EcoEnergy home retrofits' early end left funds unspent
Internal memo says funds budgeted for 2011 renewal of home energy savings plan
A popular federal program in 2012 that allowed 250,000 Canadian homeowners to retrofit their homes and save on energy costs should have been better planned and lasted longer.
That's the conclusion reached in a heavily censored Natural Resources Canada briefing note that CBC News obtained through the Access to Information Act.
The May 17, 2012, memo reviewed the implementation of the ecoEnergy home retrofit program, "particularly the budgetary challenges that resulted in significant unspent funds."
The department was forced to release the briefing note after CBC News complained to the information commissioner.
The document's "Lessons Learned" section, from the department's housing division, notes the "program length should be better correlated to the length of time required for the work to be conducted, which means a minimum two-year program."
NDP natural resources critic, Peter Julian finds this conclusion interesting.
"I think it's fair to say that the government botched this program," he said in an interview with CBC News.
"Here was a widely popular program in terms of uptake from Canadians right across the country. Canadians were applying in huge numbers with all the clear benefits. The government just didn't seem to want the program to succeed. They have an inappropriate renewal length, particularly given the scope of the training that was required for energy advisers."
Although the department declined to answer direct questions about the briefing note, spokesperson Jacinthe Perras provided a written response that read in part: "The decision to provide time-limited funding demonstrated rigorous management by the government. The 2011-2012 phase of the program met its goal and we ensured that all participants would have access to a post-retrofit evaluation and a grant."
Helping homeowners use less energy
The 2011-12 program was an extension of one that began in 2007 under the new Conservative government, but initiated by the former Liberal government, to help people conserve energy by conducting energy audits of their homes and then making improvements to make them more energy efficient. The program had an initial budget of $160 million.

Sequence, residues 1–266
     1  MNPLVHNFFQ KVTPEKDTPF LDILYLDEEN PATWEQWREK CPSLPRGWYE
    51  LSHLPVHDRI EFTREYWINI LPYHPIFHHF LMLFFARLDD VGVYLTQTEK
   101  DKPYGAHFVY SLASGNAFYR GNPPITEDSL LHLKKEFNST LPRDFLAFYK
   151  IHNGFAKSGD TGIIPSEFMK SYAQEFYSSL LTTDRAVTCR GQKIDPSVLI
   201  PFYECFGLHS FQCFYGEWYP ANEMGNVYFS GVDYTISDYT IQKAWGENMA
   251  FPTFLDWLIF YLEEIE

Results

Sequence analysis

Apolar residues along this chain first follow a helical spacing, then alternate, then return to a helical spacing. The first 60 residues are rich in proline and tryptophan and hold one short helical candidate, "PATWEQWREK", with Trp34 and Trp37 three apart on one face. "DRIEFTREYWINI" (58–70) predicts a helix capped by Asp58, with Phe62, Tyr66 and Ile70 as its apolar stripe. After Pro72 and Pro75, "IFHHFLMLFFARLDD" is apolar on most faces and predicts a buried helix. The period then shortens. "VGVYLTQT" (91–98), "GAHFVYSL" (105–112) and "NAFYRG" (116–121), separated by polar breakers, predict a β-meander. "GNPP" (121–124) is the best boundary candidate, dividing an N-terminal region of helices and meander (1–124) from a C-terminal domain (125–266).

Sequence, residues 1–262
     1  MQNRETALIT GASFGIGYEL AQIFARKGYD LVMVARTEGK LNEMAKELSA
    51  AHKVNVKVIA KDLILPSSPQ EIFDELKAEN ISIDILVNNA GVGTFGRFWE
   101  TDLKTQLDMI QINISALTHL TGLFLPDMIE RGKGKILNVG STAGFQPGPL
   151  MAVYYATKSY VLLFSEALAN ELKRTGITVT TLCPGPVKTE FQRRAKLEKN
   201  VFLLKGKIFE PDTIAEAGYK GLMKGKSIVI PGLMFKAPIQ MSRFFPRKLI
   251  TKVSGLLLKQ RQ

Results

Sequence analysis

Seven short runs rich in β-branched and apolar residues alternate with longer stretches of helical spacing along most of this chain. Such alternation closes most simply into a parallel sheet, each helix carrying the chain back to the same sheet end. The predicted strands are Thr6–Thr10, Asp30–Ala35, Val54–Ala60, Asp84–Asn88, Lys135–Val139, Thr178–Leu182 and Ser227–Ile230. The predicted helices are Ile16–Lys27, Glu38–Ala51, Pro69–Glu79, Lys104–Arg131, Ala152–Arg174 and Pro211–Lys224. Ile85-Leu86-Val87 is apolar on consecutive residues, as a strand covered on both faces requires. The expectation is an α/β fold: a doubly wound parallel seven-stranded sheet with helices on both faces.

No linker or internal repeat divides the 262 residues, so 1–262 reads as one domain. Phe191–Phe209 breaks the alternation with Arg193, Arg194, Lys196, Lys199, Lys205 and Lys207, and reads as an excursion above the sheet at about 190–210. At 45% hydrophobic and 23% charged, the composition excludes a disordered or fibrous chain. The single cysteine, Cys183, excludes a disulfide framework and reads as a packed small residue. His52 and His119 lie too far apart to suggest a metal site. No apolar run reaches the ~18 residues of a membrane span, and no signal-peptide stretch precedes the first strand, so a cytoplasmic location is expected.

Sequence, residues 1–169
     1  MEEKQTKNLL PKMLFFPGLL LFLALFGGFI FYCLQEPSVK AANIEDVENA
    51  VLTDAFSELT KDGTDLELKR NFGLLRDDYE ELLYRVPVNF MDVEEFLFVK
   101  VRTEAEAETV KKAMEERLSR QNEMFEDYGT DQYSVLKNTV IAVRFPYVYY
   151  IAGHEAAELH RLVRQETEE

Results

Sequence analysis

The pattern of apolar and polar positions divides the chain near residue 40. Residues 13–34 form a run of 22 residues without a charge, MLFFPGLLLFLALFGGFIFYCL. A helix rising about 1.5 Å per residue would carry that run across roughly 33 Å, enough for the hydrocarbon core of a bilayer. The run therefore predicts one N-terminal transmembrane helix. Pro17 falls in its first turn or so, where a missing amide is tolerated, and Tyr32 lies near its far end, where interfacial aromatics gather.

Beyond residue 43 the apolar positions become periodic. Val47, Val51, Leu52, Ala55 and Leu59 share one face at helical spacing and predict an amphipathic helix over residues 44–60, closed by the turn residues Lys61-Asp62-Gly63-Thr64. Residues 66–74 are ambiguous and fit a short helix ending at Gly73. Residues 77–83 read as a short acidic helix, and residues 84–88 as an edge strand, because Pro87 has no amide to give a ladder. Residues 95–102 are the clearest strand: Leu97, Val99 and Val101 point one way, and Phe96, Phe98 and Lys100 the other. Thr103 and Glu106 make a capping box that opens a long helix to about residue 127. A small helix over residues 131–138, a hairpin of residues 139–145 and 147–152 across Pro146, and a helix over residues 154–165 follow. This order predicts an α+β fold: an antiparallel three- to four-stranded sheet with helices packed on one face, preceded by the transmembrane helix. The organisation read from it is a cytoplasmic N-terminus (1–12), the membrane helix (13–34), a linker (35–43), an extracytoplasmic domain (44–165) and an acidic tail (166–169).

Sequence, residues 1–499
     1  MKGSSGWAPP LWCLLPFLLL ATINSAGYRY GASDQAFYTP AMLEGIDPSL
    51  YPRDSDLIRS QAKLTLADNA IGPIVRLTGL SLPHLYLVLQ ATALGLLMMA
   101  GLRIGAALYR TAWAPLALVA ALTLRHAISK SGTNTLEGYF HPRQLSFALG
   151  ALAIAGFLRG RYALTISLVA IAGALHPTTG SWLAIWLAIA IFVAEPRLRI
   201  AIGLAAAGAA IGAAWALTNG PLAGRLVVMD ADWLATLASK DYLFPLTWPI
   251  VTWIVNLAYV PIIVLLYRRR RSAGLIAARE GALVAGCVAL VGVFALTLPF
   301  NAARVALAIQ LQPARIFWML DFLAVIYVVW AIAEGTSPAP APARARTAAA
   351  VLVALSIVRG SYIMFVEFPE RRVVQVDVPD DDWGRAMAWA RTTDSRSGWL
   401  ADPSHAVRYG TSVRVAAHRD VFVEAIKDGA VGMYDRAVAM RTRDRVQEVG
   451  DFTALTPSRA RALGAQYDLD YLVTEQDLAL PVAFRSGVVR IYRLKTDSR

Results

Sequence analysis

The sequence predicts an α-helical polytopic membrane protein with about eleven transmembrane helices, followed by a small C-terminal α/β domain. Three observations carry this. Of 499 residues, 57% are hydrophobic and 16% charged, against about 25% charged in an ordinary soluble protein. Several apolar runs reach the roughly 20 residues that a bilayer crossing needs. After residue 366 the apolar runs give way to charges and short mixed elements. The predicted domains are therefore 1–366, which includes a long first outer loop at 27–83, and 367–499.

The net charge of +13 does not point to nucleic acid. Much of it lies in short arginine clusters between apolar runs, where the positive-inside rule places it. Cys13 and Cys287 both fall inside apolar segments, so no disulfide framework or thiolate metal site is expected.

However, due to its popularity, the budget grew to $745 million. By the time the initial program ended in 2010, 640,000 Canadian homes had received an average federal grant of $1,500, which, according to Natural Resources Canada, allowed them to save an average of 20 per cent on their energy bills.
In July 2011, the federal government renewed the ecoEnergy home retrofit program for nine months, setting aside $400 million. The renewal had been announced in the March budget that was defeated by the opposition parties, and Prime Minister Stephen Harper campaigned on it in the ensuing election.
But, concerned about running out of money, the government officially stopped registration for the program two months early, in January 2012. By then, 253,000 homeowners had registered, receiving an average grant of $1,300. It's not known how many people were cut off.
Redactions in the Natural Resources Canada briefing note make it difficult to determine how much of that $400 million went unspent. The briefing note's closing lines indicate that, "a number of factors contributed to spending considerably below the $400M budget, and we have learned from these."
As far as Julian is concerned, it should have been a "no-brainer" to keep the popular program going.
"We're getting a clear indication that it was shut down prematurely. And at least from what they haven't censored, it's not clear why they shut it down. So you're left with the question, why did the government botch this?"
For Tim Weis, an energy specialist with the Pembina Institute, an environmental organization, the program's demise is indicative of a lack of a longer-term federal strategy to deal with energy conservation. He points out that though popular, the ecoEnergy retrofit program only reached about 10 per cent of homeowners in Canada. A longer-term strategy should have aimed much higher.
"How do you take a program like this and transition it into a long-term housing strategy? That was never put out there…. When the program ended, it just ended."